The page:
Gratian’s volume was soon found to require supplement. The two centuries following its appearance were most fruitful in papal decrees, especially in the pontificates of Alexander III., Innocent III., and Gregory IX. These centuries also witnessed the Lateran and other important Councils. The deliverances of popes and synods, made subsequently to the age of Gratian, were called extravagantes or fugitives.18461846 Quia extra Decretum Gratiani vagabantur. were made from 1191 to 1226.18471847 Friedberg’s ed., Quinque compilationes antiquae, Leip., 1882. The first, made by Bernard of Pavia, 1191 in his Breviarium extravagantium, distributes the materials under five heads,—judge, sentence, clergy, marriage, crime.f canon law having papal sanction.
The demand for a complete collection of these materials induced Gregory IX. to commit the task of gathering them into a single volume to his chaplain Raymund de Pennaforte.18481848 Gregory’s bull is given in Wetzer-Welte, III. 1146-1450. IX, was finished and sent to Paris and Bologna in 1234 with the direction that it be used for purposes of instruction, and in the trial of cases. The preparation of other compilations was strictly forbidden. Gregory’s collection comprises 185 titles and 1871 decretals and follows the fivefold division of Bernard of Pavia’s work.18491849 Friedberg gives the text, II. 6-927, and also Gregory IX,’s letter transmitting the decretals to the university of Bologna.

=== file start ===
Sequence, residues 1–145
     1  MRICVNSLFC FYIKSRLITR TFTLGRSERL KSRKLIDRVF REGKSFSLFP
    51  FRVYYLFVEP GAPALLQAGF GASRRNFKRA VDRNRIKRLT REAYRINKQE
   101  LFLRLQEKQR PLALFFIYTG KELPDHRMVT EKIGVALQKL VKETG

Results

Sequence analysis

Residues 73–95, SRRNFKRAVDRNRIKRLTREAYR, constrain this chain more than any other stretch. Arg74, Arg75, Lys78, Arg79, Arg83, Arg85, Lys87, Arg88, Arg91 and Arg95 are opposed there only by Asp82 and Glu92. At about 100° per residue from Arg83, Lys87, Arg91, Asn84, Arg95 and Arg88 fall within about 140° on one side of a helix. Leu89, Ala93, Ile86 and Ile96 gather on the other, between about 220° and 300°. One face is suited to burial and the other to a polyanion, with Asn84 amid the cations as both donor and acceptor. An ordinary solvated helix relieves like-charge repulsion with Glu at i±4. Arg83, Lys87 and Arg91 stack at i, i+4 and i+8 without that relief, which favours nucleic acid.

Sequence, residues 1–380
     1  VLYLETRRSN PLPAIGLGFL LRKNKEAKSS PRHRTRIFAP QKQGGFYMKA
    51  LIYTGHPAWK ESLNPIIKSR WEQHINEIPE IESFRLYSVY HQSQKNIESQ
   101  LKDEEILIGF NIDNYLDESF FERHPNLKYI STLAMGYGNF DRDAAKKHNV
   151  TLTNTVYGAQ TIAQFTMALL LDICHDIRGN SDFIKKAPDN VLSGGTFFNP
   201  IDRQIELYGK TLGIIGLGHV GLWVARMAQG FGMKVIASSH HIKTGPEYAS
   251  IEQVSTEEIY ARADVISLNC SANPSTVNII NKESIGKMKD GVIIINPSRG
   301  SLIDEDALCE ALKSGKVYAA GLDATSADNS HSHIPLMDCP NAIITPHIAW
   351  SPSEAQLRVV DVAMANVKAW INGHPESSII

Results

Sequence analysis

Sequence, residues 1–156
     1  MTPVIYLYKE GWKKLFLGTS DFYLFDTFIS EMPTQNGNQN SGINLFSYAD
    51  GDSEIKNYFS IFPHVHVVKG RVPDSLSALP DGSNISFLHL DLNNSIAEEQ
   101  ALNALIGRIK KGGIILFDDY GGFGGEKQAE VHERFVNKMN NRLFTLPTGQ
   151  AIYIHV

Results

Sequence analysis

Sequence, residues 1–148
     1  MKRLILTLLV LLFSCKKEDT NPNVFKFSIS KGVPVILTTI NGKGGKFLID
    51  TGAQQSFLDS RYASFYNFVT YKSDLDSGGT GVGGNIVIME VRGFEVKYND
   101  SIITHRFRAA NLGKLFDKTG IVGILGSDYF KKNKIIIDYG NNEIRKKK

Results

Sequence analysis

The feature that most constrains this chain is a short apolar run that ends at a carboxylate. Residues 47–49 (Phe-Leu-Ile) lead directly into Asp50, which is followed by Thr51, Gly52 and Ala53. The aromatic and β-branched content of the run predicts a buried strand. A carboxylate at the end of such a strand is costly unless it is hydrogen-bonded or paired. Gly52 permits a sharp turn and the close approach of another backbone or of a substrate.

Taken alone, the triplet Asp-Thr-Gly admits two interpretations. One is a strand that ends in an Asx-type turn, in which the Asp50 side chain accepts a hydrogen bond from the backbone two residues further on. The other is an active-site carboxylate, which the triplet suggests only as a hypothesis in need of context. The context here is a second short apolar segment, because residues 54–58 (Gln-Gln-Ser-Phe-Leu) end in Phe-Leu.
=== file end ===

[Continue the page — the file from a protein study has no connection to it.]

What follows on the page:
A new collection, called the Sixth Book, liber sextus — or, as by English writers, the Sext,—was issued by the authority of Boniface VIII., 1298, and carried the collections of Gratian and Gregory IX. into Boniface’s reign. In 1314, Clement V. issued another collection, which included his own decretals and the decrees of the council of Vienne and was called the Seventh Book, liber septimus, or the Clementines. In 1317, John XXII. officially sent Clement’s collection to the universities of Bologna and Paris. Subsequent to the publication of the Clementines, twenty of John’s own decretals were added. In 1500 John Chappuis, in an edition of the liber sextus and the Clementines, added the decretals of John and seventy-one of other popes. This series of collections, namely, Gratian’s Decretum, Gregory IX,’s Decretales, the Sext, the Clementines, and the Extravagantes of John XXII., constitutes the official body of canon law—corpus juris canonici — and was published in the edition of Gregory XllI.
The canon law attempted the task of legislating in detail for all phases of human life—clerical, ecclesiastical, social, domestic—from the cradle to the grave by the sacramental decisions of the priesthood. It invaded the realm of the common law and threatened to completely set it aside. The Church had not only its own code and its specifically religious penalties, but also its own prisons.